• Thank YouAny Questions?
  • Housing EnvironmentAssessment ServicePaulCoopeyDeniseCrossThe Changing Face of Housing Services: Sharing our JourneyJune 6th 2013
  • Contents Background Review Redesign Service Outcomes Next Steps Learning points
  • BackgroundChange HappensThey Keep Moving The CheeseOurIceberg ismelting
  • Partner Organisations North Warwickshire Borough Council Nuneaton and Bedworth Borough Council Rugby Borough Council Stratford District Council Warwick District Council Warwickshire County CouncilIn conjunction with:Orbit – Heart of EnglandAge UK - Warwickshire
  • The Challenge - 2010 Significant issues with the old delivery methodof home improvements and adaptations. Delays of 395 days and 35% customer drop out. Teams struggled to deliver across the organisational barriersin each locality. Strategic service that is able to respond to the challenges of anaging population. Provide resilience across Warwickshire in response to public sectorspending reviews. Remove differences in delivery and systems across Warwickshire Better outcomes for Warwickshire residents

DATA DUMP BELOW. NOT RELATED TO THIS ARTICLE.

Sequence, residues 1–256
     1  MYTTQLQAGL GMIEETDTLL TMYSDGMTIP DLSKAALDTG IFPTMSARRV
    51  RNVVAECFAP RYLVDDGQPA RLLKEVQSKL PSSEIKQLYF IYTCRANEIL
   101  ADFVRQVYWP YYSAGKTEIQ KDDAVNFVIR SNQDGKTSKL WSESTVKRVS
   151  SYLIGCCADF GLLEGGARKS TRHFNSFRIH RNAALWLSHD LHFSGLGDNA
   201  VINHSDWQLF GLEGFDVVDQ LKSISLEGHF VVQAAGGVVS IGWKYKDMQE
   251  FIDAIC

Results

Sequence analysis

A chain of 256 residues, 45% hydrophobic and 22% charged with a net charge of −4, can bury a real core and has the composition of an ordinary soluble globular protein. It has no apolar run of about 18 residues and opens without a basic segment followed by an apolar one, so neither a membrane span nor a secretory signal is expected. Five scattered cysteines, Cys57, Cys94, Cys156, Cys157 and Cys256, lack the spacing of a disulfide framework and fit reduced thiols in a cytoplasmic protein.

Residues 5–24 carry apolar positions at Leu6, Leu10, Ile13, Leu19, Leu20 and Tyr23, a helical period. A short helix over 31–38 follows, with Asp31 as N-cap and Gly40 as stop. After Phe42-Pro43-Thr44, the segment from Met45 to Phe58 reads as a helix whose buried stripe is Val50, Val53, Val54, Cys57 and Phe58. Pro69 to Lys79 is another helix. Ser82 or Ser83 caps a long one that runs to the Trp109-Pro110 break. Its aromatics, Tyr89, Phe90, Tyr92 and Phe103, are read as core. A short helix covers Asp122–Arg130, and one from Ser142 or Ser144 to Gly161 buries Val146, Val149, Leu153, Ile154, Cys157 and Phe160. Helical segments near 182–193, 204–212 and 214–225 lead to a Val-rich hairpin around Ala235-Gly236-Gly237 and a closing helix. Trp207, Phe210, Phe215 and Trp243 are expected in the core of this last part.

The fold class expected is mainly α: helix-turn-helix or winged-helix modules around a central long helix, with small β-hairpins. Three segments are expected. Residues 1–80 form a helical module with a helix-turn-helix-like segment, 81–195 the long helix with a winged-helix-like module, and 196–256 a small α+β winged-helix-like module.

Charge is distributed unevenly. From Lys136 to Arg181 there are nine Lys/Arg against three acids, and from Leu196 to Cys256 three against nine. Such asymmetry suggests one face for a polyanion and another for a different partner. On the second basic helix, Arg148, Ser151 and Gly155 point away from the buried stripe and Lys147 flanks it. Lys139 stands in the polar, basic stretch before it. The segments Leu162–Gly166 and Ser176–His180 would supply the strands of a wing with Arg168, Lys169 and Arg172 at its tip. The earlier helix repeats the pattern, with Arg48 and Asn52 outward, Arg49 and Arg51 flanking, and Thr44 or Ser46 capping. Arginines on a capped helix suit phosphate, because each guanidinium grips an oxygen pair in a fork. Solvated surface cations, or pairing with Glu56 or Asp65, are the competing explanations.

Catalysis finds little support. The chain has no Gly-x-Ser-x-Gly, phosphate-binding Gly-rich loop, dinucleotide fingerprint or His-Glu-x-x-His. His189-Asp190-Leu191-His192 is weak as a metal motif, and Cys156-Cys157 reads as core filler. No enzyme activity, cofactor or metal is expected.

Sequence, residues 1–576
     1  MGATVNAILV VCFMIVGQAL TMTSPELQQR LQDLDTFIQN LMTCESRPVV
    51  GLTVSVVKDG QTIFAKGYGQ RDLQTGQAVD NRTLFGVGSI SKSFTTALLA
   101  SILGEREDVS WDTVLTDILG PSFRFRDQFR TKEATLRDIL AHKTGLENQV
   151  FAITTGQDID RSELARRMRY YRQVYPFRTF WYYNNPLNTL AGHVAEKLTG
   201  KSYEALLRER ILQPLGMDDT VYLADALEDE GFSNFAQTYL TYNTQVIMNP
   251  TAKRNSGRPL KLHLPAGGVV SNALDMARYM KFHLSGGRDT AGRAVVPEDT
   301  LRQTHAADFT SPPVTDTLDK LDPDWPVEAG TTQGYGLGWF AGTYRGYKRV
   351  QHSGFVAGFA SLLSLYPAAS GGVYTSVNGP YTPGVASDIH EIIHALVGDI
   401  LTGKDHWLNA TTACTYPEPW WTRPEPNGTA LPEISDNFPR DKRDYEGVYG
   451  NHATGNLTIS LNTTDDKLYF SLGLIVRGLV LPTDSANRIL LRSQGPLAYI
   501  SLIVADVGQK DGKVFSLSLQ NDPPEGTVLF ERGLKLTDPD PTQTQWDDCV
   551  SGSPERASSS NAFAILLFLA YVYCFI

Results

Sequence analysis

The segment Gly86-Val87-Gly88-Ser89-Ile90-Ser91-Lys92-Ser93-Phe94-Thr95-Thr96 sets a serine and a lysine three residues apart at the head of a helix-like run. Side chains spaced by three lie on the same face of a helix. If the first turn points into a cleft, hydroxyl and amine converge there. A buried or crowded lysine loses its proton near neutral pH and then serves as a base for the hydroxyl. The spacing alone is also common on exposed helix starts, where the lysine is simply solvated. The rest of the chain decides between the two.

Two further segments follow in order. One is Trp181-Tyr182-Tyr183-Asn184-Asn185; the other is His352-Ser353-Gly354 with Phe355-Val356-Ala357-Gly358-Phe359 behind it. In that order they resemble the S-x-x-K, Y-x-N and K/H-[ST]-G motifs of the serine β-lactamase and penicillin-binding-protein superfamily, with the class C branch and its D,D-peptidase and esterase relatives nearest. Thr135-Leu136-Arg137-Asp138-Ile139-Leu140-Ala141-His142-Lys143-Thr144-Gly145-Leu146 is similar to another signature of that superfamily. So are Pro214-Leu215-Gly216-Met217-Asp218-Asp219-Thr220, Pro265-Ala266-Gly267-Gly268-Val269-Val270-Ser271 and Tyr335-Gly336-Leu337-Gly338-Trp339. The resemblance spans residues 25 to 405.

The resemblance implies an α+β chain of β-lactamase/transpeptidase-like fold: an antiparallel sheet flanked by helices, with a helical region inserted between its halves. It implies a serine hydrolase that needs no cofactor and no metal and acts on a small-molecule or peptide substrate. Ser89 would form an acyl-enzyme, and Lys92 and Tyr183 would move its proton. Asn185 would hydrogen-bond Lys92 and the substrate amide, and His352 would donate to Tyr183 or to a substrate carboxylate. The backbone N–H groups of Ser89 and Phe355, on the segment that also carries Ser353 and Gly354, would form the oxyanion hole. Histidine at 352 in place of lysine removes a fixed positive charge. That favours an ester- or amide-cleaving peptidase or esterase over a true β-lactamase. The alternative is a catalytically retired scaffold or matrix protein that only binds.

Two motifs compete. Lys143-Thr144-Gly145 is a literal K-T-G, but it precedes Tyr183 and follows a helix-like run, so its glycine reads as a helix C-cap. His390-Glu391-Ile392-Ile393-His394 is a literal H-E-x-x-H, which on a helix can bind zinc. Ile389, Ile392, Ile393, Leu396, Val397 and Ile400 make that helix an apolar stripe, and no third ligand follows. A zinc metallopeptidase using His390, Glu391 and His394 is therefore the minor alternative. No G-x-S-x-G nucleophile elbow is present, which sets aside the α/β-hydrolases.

• The Approach Differences in delivery and systems acrossWarwickshire were highlighted with consistently poordelivery times. The partners were working together onimprovements but the impact was not significantfrom a customers perspective. It became apparent that fundamentally the wholeapproach needed to change to improve the deliveryand outcomes for customers. A whole systems improvement was required ratherthan modifications to the existing services, but bestpractice needed to be retained. Lean systems thinking was chosen as the rightmethod to proceed.
  • Intended BenefitsCustomer To design a new system capable of respondingto a current levels and expected increasingcustomer demand for home environmentinterventions. Promoting independence through maximising anindividual’s potential Improving housing conditions to improve healthoutcomes Preventing accidents, ill health and dependencythrough an enabling home environment Delivering for the customer